Chocó general strike reaps results By Karen Juanita Carrillo
A Chocó general strike that took place on February 19, 2009 has reaped results.
Some twenty thousand Chocóanos took part
in a Feb. 19 general strike against the government.
Following a massive 24-hour general protest the Colombian government of Álvaro Uribe Vélez has
signed an agreement and claims it will begin paving the Quibdó-Medellín road immediately with the funds it currently
has at its disposal. By April, the government also plans to ask for bids from companies who wish to complete the roads’
pavement. The terms of the agreement can be read online at the website, Chocó 7 días.
Barbara Starr and Bill Mears write about a man in the United States, who was one of many
enslaved Africans to work as a spy against the Southern Confederacy:
Jackson was a slave in the home of Confederate president Jefferson Davis during the Civil War. It turns out he was also a
spy for the Union Army, providing key secrets to the North about the Confederacy.
was Davis' house servant and personal coachman. He learned high-level details about Confederate battle plans and movements
because Davis saw him as a 'piece of furniture' -- not a human, according to Ken Dagler, author of Black Dispatches,
which explores espionage by America's slaves.
"If there is one thing that
unites Latinos — regardless of the color of their skin — it is the language," Maria
Elena Salinas notes in "A double minority," an article that talks about Afro Latino identity. "Angie, who was born in Santo
Domingo and raised in Venezuela, married a U.S.-born Black man of Dominican descent who did not speak Spanish. She says at
first she did not identify with her husband’s family because of the language barrier.
"For Carmen, it
was somewhat of a relief to see that in her daughters’ school, there was a choice between 'ethnic origin' and
'race' to identify the children, which allowed them to be both Hispanic and Black. Now they can celebrate Black History
Month as well as Hispanic Heritage Month."
The Afro-Latin@ Reader:
History and Culture in the United States
The Afro-Latin@ Reader focuses attention on a large, vibrant, yet oddly invisible community
in the United States: people of African descent from Latin America and the Caribbean. The presence of Afro-Latin@s
in the United States (and throughout the Americas) belies the notion that Blacks and Latin@s are two distinct categories
or cultures. Afro-Latin@s are uniquely situated to bridge the widening social divide between Latin@s and African
Americans. At the same time, their experiences reveal pervasive racism among Latin@s and ethnocentrism among African
Americans. Offering insight into Afro-Latin@ life and new ways to understand culture, ethnicity, nation, identity,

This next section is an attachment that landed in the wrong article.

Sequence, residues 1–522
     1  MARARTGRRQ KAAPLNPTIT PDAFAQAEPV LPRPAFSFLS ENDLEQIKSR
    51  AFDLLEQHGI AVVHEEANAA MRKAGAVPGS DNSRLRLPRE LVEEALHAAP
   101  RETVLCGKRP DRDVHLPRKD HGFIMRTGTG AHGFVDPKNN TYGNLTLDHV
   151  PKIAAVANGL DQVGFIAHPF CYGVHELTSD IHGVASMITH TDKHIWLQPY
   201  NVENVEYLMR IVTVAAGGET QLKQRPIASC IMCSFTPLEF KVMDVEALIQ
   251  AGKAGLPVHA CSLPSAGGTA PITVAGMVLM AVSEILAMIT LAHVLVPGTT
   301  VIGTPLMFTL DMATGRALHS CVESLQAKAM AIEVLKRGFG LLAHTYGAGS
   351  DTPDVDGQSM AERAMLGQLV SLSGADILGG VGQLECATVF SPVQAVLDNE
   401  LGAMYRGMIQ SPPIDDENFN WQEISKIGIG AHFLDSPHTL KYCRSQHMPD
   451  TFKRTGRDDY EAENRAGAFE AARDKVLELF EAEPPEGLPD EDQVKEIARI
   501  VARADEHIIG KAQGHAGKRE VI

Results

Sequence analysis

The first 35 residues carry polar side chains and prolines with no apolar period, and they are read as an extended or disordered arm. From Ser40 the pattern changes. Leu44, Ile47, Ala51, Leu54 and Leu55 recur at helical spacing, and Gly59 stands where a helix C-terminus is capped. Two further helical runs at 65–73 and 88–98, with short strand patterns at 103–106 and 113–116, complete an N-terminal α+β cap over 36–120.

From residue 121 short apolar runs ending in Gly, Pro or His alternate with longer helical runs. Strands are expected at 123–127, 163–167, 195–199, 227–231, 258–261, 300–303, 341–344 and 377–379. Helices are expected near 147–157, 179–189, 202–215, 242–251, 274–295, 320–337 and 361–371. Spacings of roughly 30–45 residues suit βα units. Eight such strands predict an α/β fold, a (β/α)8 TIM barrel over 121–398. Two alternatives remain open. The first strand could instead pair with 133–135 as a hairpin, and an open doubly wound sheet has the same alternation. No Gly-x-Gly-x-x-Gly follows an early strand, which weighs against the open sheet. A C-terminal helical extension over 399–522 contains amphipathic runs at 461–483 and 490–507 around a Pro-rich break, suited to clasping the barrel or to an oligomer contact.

and antiracist politics, The Afro-Latin@ Reader presents a kaleidoscopic view of Black Latin@s in the United
States. It addresses history, music, gender, class, and media representations in more than sixty selections, including
scholarly essays, memoirs, newspaper and magazine articles, poetry, short stories, and interviews.
African American History Day by Day: A Reference Guide to Events
by Karen Juanita Carrillo
of any group's importance to history is in the detail, a fact made plain by this informative book's day-by-day documentation
of the impact of African Americans on life in the United States. One of the easiest ways to grasp any aspect of history
is to look at it as a continuum. African American History Day by Day: A Reference Guide to Events provides just
such an opportunity.
View from Chocó: The Afro-Colombian past, their lives in the present, and their hopes for the future
by Karen Juanita Carrillo
The View from Chocó: The Afro-Colombian past, their lives in the
present, and their hopes for the future is an introduction to the lives of Blacks in Colombia. Afro-Colombians
live in a resource-rich yet remote region of Colombia. They only recently won recognition as one of that nation's
distinct ethnic groups. But Colombia's on-going civil war has led many Afro-Colombians to reach even farther than
their nation's borders for recognition: many have made their way to the United States as refugees and as political
activists working for peace in their homeland. The View from Chocó introduces the lives and struggles of a too-long neglected community of Colombian Blacks.
Raise Your Brown Black Fist is a collection of essays
written by Kevin Alberto Sabio during his time as a Contributing Writer for an online magazine.
The book combines his two article series, "Black
vs Brown" and "Black Thoughts: A Political Ideological Perspective
for Afrolatinos" into one volume, plus three other miscellaneous entries.The bookis currently available through his publisher, AuthorHouse.
the logo above to view and purchase the book.
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